NABOKV-L post 0014457, Wed, 20 Dec 2006 19:31:57 +0000

Subject
Re: Soliloquies, American writers, Greek Gods
Date
Body
On 14/12/06 00:35, "Chaswe@AOL.COM" <Chaswe@AOL.COM> wrote:

> Stan Kelly-Bootle wrote:
>
>
>
> Homer's audiences KNEW the characters & endings and BELIEVED the stories; the
> Gods and Goddesses, mortals and semis were REAL not mythic.
>
>
>
> Some portion of Homer¹s audiences knew the stories and their endings. But
> every story, like every old joke, was once new to everybody at some stage in
> their lives. As for the Greeks implicitly believing that the Gods, Goddesses,
> mortals and semi-mortals were real: I very seriously doubt that. It is, imho,
> a bad mistake to take it for granted that early or ancient man was more stupid
> than modern man. The reverse is more likely, and in fact there is every reason
> for thinking that early man, and especially the Greeks, were more
> intelligent, and had keener minds than the human specimens of today.
> Cro-Magnon man actually had a bigger brain than modern man. However, the
> Greeks had a much deeper sense of how little they were in control of their
> destinies --- perhaps that serves to indicate their higher intelligence. Their
> personification of the Gods, the Fates and the Furies was therefore more
> vivid. Petersen¹s excellent film, Troy, presents this outstandingly well,
> imho. Who, today, can honestly say that they control their own lives? How,
> precisely, does free-will operate, when your father is shot by mistake, or
> your inheritance is confiscated, and you are exiled, force majeure?

Charles: you are right (here and there!). In the interests of list brevity I
oversimplified the Homeric experience! I had in mind the difference between
reading VN, where the characters & plots may be BELIEVABLE but only within
their own fictional framework (and, of course, the endings are often
surprising even after nth re-reading!) and the Homeric situation ‹ almost
the BIRTH of Western Literature and therefore requiring insights independent
of our contemporary views of fiction, authorship, and readership.
There is really SOLID evidence that Homer¹s audience either believed in its
Gods or carefully behaved according to such beliefs (how else do you
establish what people really believe?) ‹ we do know of the occasional
skeptic but, in general, life revolved around the rituals of devotion,
regular sacrifices to one¹s particular choices of deity ‹ recalling that the
POLYtheistic Greeks were remarkably TOLERANT to other religions/cults and
their choice of deities. It was those damned, boring MONotheists who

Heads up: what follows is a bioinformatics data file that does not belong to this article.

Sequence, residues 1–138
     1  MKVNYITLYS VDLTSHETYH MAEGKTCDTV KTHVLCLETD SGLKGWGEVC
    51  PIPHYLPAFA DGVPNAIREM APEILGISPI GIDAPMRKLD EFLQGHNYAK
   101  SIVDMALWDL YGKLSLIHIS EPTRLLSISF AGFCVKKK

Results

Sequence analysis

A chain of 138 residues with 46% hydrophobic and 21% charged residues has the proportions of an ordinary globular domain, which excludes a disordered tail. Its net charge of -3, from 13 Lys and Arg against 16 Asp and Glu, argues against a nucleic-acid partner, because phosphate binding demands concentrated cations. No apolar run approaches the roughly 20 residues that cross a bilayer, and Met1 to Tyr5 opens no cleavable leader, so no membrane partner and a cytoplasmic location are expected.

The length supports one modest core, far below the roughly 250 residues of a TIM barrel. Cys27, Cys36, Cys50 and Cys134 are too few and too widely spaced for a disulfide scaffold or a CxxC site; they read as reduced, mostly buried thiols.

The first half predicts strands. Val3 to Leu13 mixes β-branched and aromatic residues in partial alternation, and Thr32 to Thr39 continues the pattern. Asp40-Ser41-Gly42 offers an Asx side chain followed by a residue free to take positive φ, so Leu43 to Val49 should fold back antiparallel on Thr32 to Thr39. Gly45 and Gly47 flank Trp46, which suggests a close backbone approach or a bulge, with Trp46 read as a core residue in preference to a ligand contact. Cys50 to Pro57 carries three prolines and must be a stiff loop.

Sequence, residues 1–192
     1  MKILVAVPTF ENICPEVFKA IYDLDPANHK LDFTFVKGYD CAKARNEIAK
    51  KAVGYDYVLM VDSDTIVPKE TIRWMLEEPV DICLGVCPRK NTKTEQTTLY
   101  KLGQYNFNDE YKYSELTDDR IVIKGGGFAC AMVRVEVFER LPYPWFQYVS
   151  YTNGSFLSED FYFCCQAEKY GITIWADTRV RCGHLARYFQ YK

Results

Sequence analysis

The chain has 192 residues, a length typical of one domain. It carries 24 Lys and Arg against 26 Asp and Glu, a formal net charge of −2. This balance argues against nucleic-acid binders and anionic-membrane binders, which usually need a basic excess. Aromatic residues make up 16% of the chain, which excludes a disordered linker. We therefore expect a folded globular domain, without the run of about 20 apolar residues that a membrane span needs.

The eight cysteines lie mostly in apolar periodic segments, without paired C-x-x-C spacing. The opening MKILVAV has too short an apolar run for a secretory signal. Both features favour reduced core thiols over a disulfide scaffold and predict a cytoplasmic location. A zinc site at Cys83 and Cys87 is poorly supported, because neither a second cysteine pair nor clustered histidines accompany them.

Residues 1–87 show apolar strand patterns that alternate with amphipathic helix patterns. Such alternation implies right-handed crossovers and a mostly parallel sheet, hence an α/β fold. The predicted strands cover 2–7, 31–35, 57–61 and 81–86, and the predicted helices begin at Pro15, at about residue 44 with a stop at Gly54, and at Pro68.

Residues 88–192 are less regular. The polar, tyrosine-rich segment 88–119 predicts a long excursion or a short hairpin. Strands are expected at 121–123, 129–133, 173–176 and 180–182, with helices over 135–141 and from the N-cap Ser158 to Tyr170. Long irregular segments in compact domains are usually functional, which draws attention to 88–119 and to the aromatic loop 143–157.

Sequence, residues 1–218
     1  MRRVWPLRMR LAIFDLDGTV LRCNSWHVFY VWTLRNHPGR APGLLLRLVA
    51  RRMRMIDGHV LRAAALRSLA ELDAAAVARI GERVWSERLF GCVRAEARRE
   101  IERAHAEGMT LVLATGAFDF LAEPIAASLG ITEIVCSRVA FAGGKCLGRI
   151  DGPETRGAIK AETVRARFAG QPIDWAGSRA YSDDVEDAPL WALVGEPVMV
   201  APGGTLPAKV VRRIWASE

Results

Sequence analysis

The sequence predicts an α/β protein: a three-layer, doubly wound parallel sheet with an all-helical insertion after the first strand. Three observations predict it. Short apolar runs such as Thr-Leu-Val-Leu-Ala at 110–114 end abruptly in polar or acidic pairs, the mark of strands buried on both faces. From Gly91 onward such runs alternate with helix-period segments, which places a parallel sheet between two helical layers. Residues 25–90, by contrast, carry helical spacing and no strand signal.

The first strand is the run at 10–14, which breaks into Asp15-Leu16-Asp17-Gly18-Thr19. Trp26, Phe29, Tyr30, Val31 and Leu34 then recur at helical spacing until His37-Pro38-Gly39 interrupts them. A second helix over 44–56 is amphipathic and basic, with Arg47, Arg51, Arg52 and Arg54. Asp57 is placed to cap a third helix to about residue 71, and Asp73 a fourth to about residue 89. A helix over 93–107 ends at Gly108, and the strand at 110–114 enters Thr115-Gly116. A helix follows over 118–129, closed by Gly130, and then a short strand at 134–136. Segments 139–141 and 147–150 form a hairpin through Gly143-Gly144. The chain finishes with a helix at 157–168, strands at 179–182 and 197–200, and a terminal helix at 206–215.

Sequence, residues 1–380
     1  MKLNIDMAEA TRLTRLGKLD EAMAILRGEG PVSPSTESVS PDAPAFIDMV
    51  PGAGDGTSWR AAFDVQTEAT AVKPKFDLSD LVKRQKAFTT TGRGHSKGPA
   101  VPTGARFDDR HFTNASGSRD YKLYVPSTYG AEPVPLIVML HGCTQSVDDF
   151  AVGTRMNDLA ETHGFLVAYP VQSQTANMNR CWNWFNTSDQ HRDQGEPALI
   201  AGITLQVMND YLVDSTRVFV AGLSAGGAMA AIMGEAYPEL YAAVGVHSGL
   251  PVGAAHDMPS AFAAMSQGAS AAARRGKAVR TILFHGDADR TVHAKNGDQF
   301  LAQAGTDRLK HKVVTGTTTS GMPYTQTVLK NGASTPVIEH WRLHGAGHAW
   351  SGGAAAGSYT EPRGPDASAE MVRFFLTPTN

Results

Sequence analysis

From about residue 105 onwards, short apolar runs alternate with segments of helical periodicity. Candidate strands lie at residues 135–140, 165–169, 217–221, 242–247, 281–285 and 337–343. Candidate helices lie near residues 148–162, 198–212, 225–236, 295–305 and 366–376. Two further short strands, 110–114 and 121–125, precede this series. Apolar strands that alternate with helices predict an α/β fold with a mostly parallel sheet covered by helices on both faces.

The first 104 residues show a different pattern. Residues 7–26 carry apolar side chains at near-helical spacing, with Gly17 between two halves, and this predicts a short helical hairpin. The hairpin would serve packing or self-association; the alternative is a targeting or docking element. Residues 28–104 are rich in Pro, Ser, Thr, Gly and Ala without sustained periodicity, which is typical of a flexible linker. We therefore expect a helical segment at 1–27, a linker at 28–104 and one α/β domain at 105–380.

invented the murderous aspects of HERESY!


I certainly don¹t take the early Greeks as Œprimitives¹ or Œinferiors¹ -- G
H Hardy described Euclid¹s School of Geometers as FELLOWS OF ANOTHER
COLLEGE. (Euclid¹s ŒElements¹ remains the PEAK of mankind¹s intellectual
achievement!) -- and in the case of Greek religion, well, modern man¹s
beliefs and rituals are equally fantastical. Ponder the multi-polytheism of
Hinduism which leaves Olympus positively under-populated!

Personal poof: visit to the ancient Epidaurus open theatre in the 1960s
during the Colonel¹s revolt (I thought I saw a Coup d¹Etat). Oedipus Rex was
replaced by Philoctetes for political reasons. Indication that the old
mythic plots still reflect current realities. Audience largely local
peasants inc. black-shawled furies ‹ they followed the original Greek with
boos for villains & cheers for heroes, rather like a Brit pantomime, but
deadly serious.

I have Cowper¹s verse translation of the iLIAD on my iPOD [!], narrated by
Anton Lesser (3 CDs from Naxos). I also recommend Christopher Logue¹s WAR
MUSIC (Faber & Faber, 2002 ‹ FREE if you join the Poetry Book Society!) This
covers (I pick the verb with care) Books 1-4 and 16-19 of the Iliad, and is
highly relevant to our debate on VN and translation. Logue (who has no
Greek) calls it an ACCOUNT of Homer¹s epic. Among the many existing
translations he used (plus advice from Greek scholars) are those of CHAPMAN
and POPE. Which brings us back, yet again, to Pale Fire. Did you know that
Pope earned the equivalent of $2 million from his Homeric translations? Or
that when Chapman was accused of Œborrowing¹ from French cribs, he called
his accusers ³envious Windfuckers!²

Stan Kelly-Bootle



Search the archive: http://listserv.ucsb.edu/archives/nabokv-l.html
Contact the Editors: mailto:nabokv-l@utk.edu,nabokv-l@holycross.edu
Visit Zembla: http://www.libraries.psu.edu/nabokov/zembla.htm
View Nabokv-L policies: http://web.utk.edu/~sblackwe/EDNote.htm